The development of these standard-essential technologies is a massive coordinated endeavor involving numerous companies. According to analysis by Signals Research Group on 262,773 submissions to five 3GPP working groups from 1999 through December 2014, 43,917 documents were approved for inclusion in standards. The approved documents include 3G only, LTE only, and 3G and LTE documents as well as submissions that fall outside all of these three categories – documents pertaining to GSM/GERAN or IP multimedia subsystems are examples. More than an estimated 1 million man-hours is spent actually in 3GPP working group meetings each year. However, working group activity is merely the tip of the iceberg. Mobile communications sector research and development investment is estimated at up to $100 billion per year. Much of that is in development of standard-essential technologies including 4G recently, and now also in 5G.
‘You ain’t seen nothing yet!’
Each successive new generation of cellular technology has been driven by increasing technology developments, innovation and adoption by wireless carriers and consumers. Following the rather disappointing data rates and lackluster adoption of 3G W-CDMA between 2001 and 2005, the pace of all the above increased with the introduction of HSDPA from around 2006, and then increased again with the introduction of LTE from around 2010. Industry enthusiasm for 5G is also great and so we should expect the rate of innovation to be maintained, not diminish, with the expected introduction of 5G toward the end of the decade.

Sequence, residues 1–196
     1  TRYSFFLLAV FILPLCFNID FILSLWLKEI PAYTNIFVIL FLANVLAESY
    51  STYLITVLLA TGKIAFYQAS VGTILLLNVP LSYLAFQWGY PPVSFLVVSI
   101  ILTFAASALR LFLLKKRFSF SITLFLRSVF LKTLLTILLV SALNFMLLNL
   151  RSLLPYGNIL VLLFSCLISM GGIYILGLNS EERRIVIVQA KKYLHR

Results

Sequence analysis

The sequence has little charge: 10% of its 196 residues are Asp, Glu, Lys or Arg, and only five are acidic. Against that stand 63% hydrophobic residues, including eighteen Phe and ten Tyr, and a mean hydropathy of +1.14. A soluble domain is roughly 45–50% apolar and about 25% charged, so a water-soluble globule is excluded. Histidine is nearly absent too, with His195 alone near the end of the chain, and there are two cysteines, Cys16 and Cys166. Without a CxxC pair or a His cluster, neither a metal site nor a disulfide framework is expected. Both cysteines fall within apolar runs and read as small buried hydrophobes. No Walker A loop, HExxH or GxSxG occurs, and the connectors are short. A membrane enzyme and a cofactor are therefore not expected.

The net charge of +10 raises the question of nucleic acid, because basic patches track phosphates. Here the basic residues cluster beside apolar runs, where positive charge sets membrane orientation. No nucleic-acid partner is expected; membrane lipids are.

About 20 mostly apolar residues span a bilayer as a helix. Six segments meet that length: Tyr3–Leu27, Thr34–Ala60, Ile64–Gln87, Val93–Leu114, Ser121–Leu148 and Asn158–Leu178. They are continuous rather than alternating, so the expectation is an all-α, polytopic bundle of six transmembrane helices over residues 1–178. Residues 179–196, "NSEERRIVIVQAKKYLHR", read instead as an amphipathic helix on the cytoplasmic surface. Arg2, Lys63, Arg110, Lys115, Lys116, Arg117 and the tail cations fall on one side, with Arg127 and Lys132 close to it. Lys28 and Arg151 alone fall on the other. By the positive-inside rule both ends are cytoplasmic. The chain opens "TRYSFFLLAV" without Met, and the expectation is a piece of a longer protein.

Whereas demand for 5G will be dependent on new applications such as those in artificial intelligence and augmented reality, some of those applications will only be possible by the improved performance such as ultra-low latency and ultra-high availability, as well as higher data rates that 5G communications promises. Many innovations and improvements will be required for new types of devices and services such as with the “internet of things,” but smartphones will also be in the frontline.
Keith Mallinson is a leading industry analyst, commercial consultant and testifying expert witness. Solving business problems in wireless and mobile communications, he founded consulting firm WiseHarbor in 2007.